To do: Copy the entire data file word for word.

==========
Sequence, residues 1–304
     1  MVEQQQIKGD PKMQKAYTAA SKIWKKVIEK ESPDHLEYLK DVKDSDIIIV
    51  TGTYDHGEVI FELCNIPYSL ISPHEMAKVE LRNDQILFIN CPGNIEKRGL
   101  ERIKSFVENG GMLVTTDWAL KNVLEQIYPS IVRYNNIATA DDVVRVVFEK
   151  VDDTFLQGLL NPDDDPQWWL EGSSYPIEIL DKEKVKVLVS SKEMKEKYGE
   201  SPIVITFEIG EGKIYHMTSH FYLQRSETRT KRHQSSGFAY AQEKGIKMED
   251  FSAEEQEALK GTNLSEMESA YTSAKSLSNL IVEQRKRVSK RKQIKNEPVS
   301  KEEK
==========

Sequence, residues 1–304
     1  MVEQQQIKGD PKMQKAYTAA SKIWKKVIEK ESPDHLEYLK DVKDSDIIIV
    51  TGTYDHGEVI FELCNIPYSL ISPHEMAKVE LRNDQILFIN CPGNIEKRGL
   101  ERIKSFVENG GMLVTTDWAL KNVLEQIYPS IVRYNNIATA DDVVRVVFEK
   151  VDDTFLQGLL NPDDDPQWWL EGSSYPIEIL DKEKVKVLVS SKEMKEKYGE
   201  SPIVITFEIG EGKIYHMTSH FYLQRSETRT KRHQSSGFAY AQEKGIKMED
   251  FSAEEQEALK GTNLSEMESA YTSAKSLSNL IVEQRKRVSK RKQIKNEPVS
   301  KEEK